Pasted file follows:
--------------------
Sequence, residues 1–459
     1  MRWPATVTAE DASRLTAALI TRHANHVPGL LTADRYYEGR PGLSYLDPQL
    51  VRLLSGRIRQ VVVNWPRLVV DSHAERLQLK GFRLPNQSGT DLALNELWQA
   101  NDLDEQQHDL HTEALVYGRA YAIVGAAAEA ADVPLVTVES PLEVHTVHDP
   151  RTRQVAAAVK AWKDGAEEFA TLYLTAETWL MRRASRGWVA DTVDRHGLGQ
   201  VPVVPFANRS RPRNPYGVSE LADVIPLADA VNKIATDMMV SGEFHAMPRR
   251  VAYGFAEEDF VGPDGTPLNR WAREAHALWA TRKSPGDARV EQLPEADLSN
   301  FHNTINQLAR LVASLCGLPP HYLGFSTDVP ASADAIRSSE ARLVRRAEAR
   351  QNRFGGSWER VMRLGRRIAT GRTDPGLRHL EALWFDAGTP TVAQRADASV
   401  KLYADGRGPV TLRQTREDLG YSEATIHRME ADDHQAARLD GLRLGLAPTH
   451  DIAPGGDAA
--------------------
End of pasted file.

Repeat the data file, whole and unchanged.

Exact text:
Sequence, residues 1–459
     1  MRWPATVTAE DASRLTAALI TRHANHVPGL LTADRYYEGR PGLSYLDPQL
    51  VRLLSGRIRQ VVVNWPRLVV DSHAERLQLK GFRLPNQSGT DLALNELWQA
   101  NDLDEQQHDL HTEALVYGRA YAIVGAAAEA ADVPLVTVES PLEVHTVHDP
   151  RTRQVAAAVK AWKDGAEEFA TLYLTAETWL MRRASRGWVA DTVDRHGLGQ
   201  VPVVPFANRS RPRNPYGVSE LADVIPLADA VNKIATDMMV SGEFHAMPRR
   251  VAYGFAEEDF VGPDGTPLNR WAREAHALWA TRKSPGDARV EQLPEADLSN
   301  FHNTINQLAR LVASLCGLPP HYLGFSTDVP ASADAIRSSE ARLVRRAEAR
   351  QNRFGGSWER VMRLGRRIAT GRTDPGLRHL EALWFDAGTP TVAQRADASV
   401  KLYADGRGPV TLRQTREDLG YSEATIHRME ADDHQAARLD GLRLGLAPTH
   451  DIAPGGDAA